On CBS Sunday Morning, Joan Baez, the world’s most famous female folk singer and a global activist, was interviewed after being inducted into the Rock and Roll Hall of Fame.
One of her songs, inspired by memories of her brief love relationship with Bob Dylan, is called “Diamonds and Rust.’
The title and lyrics struck me as a visual for the topic of memories, including PTSD (Post-traumatic Stress Disorder).
Simply stated, memories are good, bad, and neutral. Good memories have loving or exciting emotions. Neutral memories, because they carry few feelings, are difficult to remember. Bad memories, (war and sexual abuse – to name two) the roots for PTSD, can shatter the strongest man or woman.
Matt Damon in “The Legend of Bagger Vance,” when explaining how the sad, quiet, and stupid brain cells die when drinking alcohol, said, “…And finally, come the memory cells. These are tough #$%@*!^&*’s to kill!”
Our five senses recall our experiences; we can see, smell, taste, touch or hear something that brings vivid emotion and immediate reaction. All heightened emotions are stored in our bodies; brain, lungs, stomach, and muscles, reminding us of the inseparable connection between physical and mental health.
Yes, memories range from diamonds to rust. We can pull the diamonds nearer to us and push the rust away, but memories made with strong emotions come up for us with power.
Enjoying the diamonds and diminishing the rust are worthy goals.
Writing songs and singing helps Joan Baez, writing and projects helps me, working helps my husband. Pets, art, counseling, friends and family, community, faith, and many too numerous to mention, help others.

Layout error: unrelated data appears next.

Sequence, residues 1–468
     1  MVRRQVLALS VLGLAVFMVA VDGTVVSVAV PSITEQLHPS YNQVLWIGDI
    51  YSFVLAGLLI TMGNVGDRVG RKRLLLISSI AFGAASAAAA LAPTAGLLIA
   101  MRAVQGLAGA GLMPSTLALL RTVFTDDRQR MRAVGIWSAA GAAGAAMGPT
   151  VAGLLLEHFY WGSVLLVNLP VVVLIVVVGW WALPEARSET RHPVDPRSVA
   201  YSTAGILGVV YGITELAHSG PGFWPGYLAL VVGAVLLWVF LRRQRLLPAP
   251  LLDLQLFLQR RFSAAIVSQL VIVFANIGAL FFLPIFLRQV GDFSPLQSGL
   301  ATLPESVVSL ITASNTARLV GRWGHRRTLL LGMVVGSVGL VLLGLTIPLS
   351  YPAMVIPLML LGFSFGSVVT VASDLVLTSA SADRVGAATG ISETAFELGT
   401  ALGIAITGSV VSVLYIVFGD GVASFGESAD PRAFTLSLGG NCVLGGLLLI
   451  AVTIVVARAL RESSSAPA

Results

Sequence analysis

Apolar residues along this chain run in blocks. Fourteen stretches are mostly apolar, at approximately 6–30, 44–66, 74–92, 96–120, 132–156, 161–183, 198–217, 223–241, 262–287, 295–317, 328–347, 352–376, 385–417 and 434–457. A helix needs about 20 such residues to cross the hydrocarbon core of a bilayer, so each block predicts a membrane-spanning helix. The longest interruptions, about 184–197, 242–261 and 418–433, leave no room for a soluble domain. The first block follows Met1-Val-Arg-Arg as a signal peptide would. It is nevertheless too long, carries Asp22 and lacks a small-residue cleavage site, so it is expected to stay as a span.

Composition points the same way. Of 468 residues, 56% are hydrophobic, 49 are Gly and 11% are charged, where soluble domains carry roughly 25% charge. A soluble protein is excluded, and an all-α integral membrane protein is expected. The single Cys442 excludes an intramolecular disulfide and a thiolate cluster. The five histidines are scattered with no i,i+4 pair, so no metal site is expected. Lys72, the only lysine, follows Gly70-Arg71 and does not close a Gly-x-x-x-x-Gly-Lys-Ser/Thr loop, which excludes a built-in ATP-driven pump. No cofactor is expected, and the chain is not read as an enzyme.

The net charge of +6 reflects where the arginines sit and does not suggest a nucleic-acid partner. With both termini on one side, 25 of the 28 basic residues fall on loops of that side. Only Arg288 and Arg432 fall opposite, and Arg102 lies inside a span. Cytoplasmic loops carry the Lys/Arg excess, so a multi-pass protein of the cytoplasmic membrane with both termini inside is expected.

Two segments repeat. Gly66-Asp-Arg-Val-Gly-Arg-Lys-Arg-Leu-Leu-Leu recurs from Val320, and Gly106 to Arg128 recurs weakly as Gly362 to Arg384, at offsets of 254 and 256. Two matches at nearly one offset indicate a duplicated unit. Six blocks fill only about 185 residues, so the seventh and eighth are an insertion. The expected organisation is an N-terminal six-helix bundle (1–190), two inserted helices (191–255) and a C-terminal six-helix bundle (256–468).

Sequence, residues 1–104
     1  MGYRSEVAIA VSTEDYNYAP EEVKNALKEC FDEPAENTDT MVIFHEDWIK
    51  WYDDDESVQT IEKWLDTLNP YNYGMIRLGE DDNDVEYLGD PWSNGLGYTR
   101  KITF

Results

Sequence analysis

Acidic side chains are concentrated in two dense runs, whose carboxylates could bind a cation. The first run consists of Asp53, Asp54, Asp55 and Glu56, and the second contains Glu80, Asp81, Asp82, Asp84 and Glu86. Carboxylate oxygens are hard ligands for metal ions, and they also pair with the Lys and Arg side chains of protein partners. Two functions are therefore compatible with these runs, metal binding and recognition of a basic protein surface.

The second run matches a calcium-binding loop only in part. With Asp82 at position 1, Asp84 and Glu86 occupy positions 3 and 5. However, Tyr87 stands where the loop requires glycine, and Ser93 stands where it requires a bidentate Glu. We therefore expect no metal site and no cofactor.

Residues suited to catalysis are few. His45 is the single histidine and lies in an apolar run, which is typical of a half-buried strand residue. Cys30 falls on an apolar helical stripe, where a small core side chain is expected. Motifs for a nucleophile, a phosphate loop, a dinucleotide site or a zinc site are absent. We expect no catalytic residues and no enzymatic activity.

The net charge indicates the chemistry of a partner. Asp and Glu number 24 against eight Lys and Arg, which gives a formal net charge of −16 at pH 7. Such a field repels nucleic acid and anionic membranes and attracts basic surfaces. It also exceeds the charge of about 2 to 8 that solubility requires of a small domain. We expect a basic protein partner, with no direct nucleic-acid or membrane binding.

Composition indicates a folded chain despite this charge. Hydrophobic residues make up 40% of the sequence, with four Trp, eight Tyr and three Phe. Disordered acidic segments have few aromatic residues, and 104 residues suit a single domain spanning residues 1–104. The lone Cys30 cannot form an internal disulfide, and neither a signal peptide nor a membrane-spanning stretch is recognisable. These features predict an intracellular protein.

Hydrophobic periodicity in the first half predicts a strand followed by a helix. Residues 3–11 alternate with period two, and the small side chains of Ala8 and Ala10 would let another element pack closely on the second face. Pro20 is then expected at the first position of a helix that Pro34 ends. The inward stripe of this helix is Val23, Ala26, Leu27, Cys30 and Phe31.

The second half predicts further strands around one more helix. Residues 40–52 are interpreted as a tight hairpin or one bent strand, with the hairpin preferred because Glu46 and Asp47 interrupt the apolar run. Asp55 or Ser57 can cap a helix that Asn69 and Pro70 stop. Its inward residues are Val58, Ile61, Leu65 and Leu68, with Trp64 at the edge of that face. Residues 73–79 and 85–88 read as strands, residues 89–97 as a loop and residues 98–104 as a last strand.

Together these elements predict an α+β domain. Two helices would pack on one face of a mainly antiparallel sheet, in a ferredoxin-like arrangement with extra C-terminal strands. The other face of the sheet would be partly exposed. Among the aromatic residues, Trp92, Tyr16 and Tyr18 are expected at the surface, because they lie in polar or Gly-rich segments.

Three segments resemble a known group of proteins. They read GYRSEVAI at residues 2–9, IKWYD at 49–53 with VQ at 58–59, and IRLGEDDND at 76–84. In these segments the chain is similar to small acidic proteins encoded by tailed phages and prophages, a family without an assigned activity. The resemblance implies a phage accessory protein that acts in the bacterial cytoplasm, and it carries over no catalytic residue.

Everyone has rust in varying degrees. What helps YOU control and manage your rust?
Put the evening of April 9, at 6:30 p.m. on your calendar. Diana Alishouse, author, and creator of “The Ragged Edge” book and quilt exhibit will be at the Overland Trail Museum.
Diana will use her dynamic art quilts for visuals as she speaks on the subject of depression, bipolar disorder, (manic-depressive illness) PTSD, treatment, and recovery.
Listen to her experience and depth of knowledge as you view her exemplary art quilts. It is an invaluable opportunity for anyone interested in ‘Diamonds and Rust.’
There is no cost, but the museum is asking for reservations. Call (970) 522-3895.
Until the next time: Live while you live.
Jennifer Goble, Ph.D., LPC, is the author of “My Clients…My Teachers,” and the blogger and writer of Rural Women Stories: www.ruralwomenstories.com.
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